Clap your hands and say Yé-Yé
The ‘sad sacks’ of Eux Autres bring their sunny pop down from the cold city
There’s the old adage that less is more. Not a bad one to live by considering it has worked quite well for everyone from respected German architects to snotty blokes in punk rock bands. That maxim has definitely been used effectively by a pair of handsome siblings named Heather and Nicholas Larimer, who make up the pop duo called Eux Autres.
It started when the two moved to the musical hub of Portland, Ore.—Heather was learning the drums and her younger brother Nicholas played guitar. They began writing songs—some in French, some in English—and in 2004 released their debut Hell is Eux Autres, a collection of sparse, garage-pop tunes heavy on boy-girl harmonies, ramshackle guitar and drums with plenty of feel-good handclaps. The album, recorded by Jeff Stuart Saltzman (Death Cab For Cutie) and Sleater-Kinney’s Janet Weiss, gave a nod to the early-’60s Yé-Yé artists like Jacques Dutronc and Françoise Hardy and attracted a lot of attention in the States and Canada. Pretty good for a couple of kids from Omaha, Neb.
Eux Autres has just released Cold City, a more layered set of sunny pop wrapped up in wry lyrics, and will head out on a short jaunt down the West Coast.
Tell me about growing up in Omaha.
Heather: It’s hard to generalize about Omaha because, like most American cities, it’s become highly suburbanized. But we grew up in a cool, old neighborhood close to downtown—the same area where Alexander Payne likes to film. It was very Catholic and yet relatively liberal, although conservative compared with much of the country. We both went to Montessori School, which was really music- and rhythm-oriented. We also played Suzuki violin, and our dad played the banjo and sang to us. So we grew up making up songs about stuffed animals and action figures.
Being a teenager in Omaha, you had a feeling of being outsider, that no one at school liked the same music as you. That’s probably changed a lot, now that Omaha is cooler and the Internet has revolutionized the rate at which culture travels. Just as I was leaving Omaha for college, there started to be a lot of bands in town, a lot of sweaty shows at F.O.E. halls and polka halls. The kids Nick’s age—the one’s who grew up listening to that first wave of Omaha bands—they were the ones who revolutionized the scene by starting Saddle Creek, etc.
I’m crazy about Omaha. I’ll fight anyone who slags it. It’s Eastern European, bricky, rivery, but then there’s a bit of Wild West—like Chicago meets Cheyenne.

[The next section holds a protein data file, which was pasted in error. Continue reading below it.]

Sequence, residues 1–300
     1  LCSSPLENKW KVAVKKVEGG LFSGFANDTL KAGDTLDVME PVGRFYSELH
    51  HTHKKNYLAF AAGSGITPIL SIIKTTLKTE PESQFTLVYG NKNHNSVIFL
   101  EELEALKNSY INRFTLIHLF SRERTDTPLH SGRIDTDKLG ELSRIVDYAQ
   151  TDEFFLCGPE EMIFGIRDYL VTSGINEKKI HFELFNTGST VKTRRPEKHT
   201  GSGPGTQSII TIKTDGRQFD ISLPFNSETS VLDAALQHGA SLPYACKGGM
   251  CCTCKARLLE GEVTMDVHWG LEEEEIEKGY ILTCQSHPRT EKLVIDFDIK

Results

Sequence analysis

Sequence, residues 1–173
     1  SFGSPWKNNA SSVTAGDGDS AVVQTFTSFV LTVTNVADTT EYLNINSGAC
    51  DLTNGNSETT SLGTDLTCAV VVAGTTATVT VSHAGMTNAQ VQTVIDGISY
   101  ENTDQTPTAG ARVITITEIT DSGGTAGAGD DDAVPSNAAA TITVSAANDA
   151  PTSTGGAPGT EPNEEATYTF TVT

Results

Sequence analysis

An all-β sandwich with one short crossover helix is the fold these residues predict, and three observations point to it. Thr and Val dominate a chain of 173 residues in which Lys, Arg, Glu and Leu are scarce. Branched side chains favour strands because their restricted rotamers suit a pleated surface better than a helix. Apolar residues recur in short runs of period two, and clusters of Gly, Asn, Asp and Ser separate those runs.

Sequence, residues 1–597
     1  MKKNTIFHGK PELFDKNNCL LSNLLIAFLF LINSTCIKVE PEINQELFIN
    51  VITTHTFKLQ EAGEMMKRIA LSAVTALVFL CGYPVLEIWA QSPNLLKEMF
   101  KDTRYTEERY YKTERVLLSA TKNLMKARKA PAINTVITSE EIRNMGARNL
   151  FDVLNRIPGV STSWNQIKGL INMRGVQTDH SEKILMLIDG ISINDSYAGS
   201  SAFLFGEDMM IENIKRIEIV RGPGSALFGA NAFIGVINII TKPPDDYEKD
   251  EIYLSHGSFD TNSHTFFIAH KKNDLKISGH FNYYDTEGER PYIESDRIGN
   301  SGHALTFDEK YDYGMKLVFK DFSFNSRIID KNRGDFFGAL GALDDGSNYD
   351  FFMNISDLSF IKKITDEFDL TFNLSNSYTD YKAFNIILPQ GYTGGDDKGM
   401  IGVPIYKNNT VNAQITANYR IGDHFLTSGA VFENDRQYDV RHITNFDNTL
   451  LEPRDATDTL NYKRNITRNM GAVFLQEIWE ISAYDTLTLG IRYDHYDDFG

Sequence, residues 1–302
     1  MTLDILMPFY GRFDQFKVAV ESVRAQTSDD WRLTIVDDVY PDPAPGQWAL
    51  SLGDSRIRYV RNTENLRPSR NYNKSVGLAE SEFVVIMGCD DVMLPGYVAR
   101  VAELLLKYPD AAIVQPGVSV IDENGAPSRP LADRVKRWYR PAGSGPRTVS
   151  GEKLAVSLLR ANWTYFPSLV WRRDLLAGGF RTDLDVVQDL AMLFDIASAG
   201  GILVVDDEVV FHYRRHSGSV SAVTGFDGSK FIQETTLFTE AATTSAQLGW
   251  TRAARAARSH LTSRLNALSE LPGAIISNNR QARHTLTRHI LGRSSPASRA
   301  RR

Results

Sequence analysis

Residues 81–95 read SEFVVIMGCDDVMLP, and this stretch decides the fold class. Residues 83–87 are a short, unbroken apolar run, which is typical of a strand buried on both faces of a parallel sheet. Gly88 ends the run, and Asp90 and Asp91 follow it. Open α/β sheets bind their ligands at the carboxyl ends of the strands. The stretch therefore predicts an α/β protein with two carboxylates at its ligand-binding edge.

What did you two listen to growing up? Did you have similar tastes?
Heather: Well, I influenced Nick’s taste in music because I was the eldest. I was attracted to skaters and other quasi-marginal people. That led me to punk music, things like Minor Threat, and regional post-punk like the Replacements, Hüsker Dü. Of course, I loved R.E.M, too. Then, in 1991 Pavement came and played the Eagle Hall. I was one of about 20 people there, and it changed my life. The idea that these preppy boys could be playing jagged, disillusioned music made it seem possible that I might have something to contribute to the world.
How do you decide if a song is written in French or English?
Nicholas: Neither of us really speaks French all that well. I guess that’s part of the challenge. When we started out, I think that maybe writing songs was a little overwhelming, so it made it easier to come up with rules that would kind of confine things, narrowing down our options. Using just a guitar and drums simplified things. Then we thought it would be interesting to just write in French, thus limiting what we could write about and how we could say it. It was more about the sounds we were making with our voices. Then we figured out that we weren’t really interested in having every single song sound like that. We wanted to sing about other things.
I guess now we just get a feeling pretty early on in the songwriting process if it’s going to be in French or English. If we want something more spare, where we don’t obsess over the lyrics, then it’s in French. Everything else is in English.
Still into Yé-Yé?
Nicholas: We still love that stuff, but I guess we’ve been listening to more music from the ’70s … and revisiting a lot of the stuff we liked in the ’90s. I’m not sure if it’s affected our music or not. It’s hard to tell. Some of the songs on the record have been around for a while.
Where do the ideas for songs come from?
Heather: They usually start with a guitar part. Often that has a specific vibe, a hue. Next we usually write vocal parts using only sounds, not words. And then we brainstorm subject matter. We’ve been friends for decades, so we can riff off each other indefinitely. We’re both kind of sad sacks with wise-cracking exteriors; we have a similar orientation to the world. I’m much more literal than Nick, however. I’ll just come out and say, “You dicked me over, man!” in a song. Nick tends to couch things in metaphor.
If you could only add only one of the following to a song, which would it be … tambourine or handclaps?
Heather: I’m going to say tambourine since I began my musical career as a somewhat violent, unpredictable tambourine player.
You worked with Jeff Stuart Saltzman again on the new record. Were you looking to keep with the same sound?
Nicholas: We wanted it to have the same feel, but a little more fleshed out. Nothing big, just a few more instruments. This time, I think we were more into throwing in random things that we thought would sound cool—harmonica, mellotron, violin, even the occasional bass. We worked with Jeff again because he’s an awesome engineer, we like the same music, and he always contributes a lot of great ideas. He’s pretty much the third Autres.
Two years ago, you said your mission statement was “Eux Autres wants to break your heart.” Is it the same today?
Heather: Eux Autres wants to break your heart, and then help you learn to love again.